Saturday, January 5, 2019

Books Read in 2018: Three Stars Part One

Marilyn asked whether I kept notes about my books somewhere other than Goodreads, since it's clear that I don't always review the books I read there.


I am honoured that anyone would think I'd be that organized. When I started doing these posts I didn't have nearly enough notes, and would have to look at the book covers and plot descriptions again and search my memory for relevant thoughts. Then I started making better review notes on Goodreads so I wouldn't be at sea during the posts. Then perimenopause started creeping up. My procedure now is that I look up the book, look to see whether there's a review, and if there isn't one I curse past me and if there is one I want to make out with past me. Several times I have been certain that I wrote a review and then POOF - no review. I assume that I wrote the review in my head but didn't actually get around to typing it out - so Marilyn (HI MARILYN) I feel you SO HARD on the mind slipping thing. Looking at the book on Goodreads usually refreshes my memory enough to put together at least a short review. 

Three Star Plays (Play)

Our Town By Thornton Wilder: Synopsis from Goodreads - Our Town was first produced and published in 1938 to wide acclaim. This Pulitzer Prize-winning drama of life in the small village of Grover's Corners, an allegorical representation of all life, has become a classic. It is Thornton Wilder's most renowned and most frequently performed play.

Full disclosure - I actually got a collection of three Wilder plays, but I only read Our Town. I realized I had seen numerous works where it was discussed or produced, and read one really great zombie parody of it, but had never read the actual play. It was pretty good - I mean, it's probably very good, but it's hard to untangle all the associations clinging to it from my actual reaction. It felt a little dated (I was going to say "of course", but there's not necessarily any "of course" about it - maybe some people would feel that it's timeless) - but I liked the simplicity and bittersweetness.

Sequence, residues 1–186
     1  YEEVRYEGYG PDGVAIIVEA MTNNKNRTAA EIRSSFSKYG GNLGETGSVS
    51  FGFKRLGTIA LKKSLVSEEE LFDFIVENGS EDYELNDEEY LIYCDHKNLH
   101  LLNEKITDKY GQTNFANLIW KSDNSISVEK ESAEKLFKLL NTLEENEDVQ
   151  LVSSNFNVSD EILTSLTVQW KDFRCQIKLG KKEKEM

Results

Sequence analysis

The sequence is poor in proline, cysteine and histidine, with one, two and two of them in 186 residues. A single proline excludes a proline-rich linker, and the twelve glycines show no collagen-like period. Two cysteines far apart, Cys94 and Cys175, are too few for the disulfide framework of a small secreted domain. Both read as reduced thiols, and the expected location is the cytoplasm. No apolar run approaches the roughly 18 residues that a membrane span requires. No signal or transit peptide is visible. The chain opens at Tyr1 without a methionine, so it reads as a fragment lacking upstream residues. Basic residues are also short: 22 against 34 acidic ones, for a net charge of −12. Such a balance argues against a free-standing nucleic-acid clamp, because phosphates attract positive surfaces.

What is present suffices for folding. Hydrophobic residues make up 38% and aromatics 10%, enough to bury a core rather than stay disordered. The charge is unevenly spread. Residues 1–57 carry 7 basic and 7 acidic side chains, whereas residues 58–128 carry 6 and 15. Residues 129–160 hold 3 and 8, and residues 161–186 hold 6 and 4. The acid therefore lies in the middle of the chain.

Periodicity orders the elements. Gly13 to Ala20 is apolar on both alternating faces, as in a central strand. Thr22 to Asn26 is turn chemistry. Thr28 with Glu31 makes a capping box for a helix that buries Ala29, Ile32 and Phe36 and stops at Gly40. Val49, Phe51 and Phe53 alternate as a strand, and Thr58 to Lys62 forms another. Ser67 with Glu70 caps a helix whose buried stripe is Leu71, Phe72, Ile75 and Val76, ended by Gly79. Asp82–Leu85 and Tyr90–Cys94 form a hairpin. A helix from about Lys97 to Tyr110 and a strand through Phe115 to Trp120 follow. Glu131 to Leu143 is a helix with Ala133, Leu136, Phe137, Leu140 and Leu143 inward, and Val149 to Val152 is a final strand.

Three Star Fiction

The Disappeared by Kim Echlin: Synopsis from Goodreads - A sixteen year old girl falls in love with a Cambodian student. 
A revolutionary closes the borders of a country for four years. 
Families, friends, lovers disappear. 
Kim Echlin’s powerful new novel tells the story of Anne Greves, from Montreal, who meets Serey, a Cambodian student forced into exile when he cannot return home during Pol Pot’s time of terror. Anne and Serey meet in a jazz club where their shared passion for music turns into a passion for each other, against the will of her father. But when the borders of Cambodia open, Serey is compelled to return home, alone, to try to find his family. Left behind, and without word from her lover, Anne tries to build a new life but she cannot forget her first love. She decides to travel to the war-ravaged country that claimed Serey. What she finds there is a traumatized and courageous people struggling to create new freedoms out of the tragedy that claimed their traditional ways, their livelihood, and a seventh of their population.
“Despair is an unwitnessed life,” writes Anne as she searches for the truth, about her lover, and about herself. “If we live long enough, we have to tell, or turn to stone inside.”
From its first page, The Disappeared takes us into the land of kings and temples, fought over for generations. It reveals the forces that act on love everywhere: family, politics, forgetting. Universal in its questions about how to claim the past, how to honor our dead, and how to go on after those we love disappear, it is a story written in spare and rhythmic prose. The Disappeared is a remarkable consideration of language, truth, justice, and memory that speaks to the conscience of the world, and to love, even when those we love most are gone.